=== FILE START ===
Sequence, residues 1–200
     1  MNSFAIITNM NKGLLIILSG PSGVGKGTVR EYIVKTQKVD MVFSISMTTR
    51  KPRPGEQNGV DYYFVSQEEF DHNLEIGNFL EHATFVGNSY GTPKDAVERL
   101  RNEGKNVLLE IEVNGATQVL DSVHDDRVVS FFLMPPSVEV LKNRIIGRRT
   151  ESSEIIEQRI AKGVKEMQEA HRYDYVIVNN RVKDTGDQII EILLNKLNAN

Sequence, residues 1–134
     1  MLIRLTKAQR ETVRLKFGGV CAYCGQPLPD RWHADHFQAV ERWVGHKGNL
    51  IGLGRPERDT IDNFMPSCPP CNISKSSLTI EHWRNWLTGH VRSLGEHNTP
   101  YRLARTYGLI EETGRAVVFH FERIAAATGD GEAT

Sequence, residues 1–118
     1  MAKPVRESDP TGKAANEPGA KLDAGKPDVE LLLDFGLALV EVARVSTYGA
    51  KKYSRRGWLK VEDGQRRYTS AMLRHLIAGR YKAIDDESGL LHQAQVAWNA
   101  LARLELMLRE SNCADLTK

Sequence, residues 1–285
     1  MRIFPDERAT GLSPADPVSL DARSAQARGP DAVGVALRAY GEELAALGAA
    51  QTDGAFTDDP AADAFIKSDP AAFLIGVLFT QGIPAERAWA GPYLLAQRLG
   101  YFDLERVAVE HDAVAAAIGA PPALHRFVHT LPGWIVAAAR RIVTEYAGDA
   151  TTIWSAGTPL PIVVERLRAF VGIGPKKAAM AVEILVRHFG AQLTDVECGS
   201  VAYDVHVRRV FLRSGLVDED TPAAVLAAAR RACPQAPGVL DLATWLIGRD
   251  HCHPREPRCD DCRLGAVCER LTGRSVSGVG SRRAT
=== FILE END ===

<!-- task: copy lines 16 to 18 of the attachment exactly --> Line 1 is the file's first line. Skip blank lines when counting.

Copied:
    51  QTDGAFTDDP AADAFIKSDP AAFLIGVLFT QGIPAERAWA GPYLLAQRLG
   101  YFDLERVAVE HDAVAAAIGA PPALHRFVHT LPGWIVAAAR RIVTEYAGDA
   151  TTIWSAGTPL PIVVERLRAF VGIGPKKAAM AVEILVRHFG AQLTDVECGS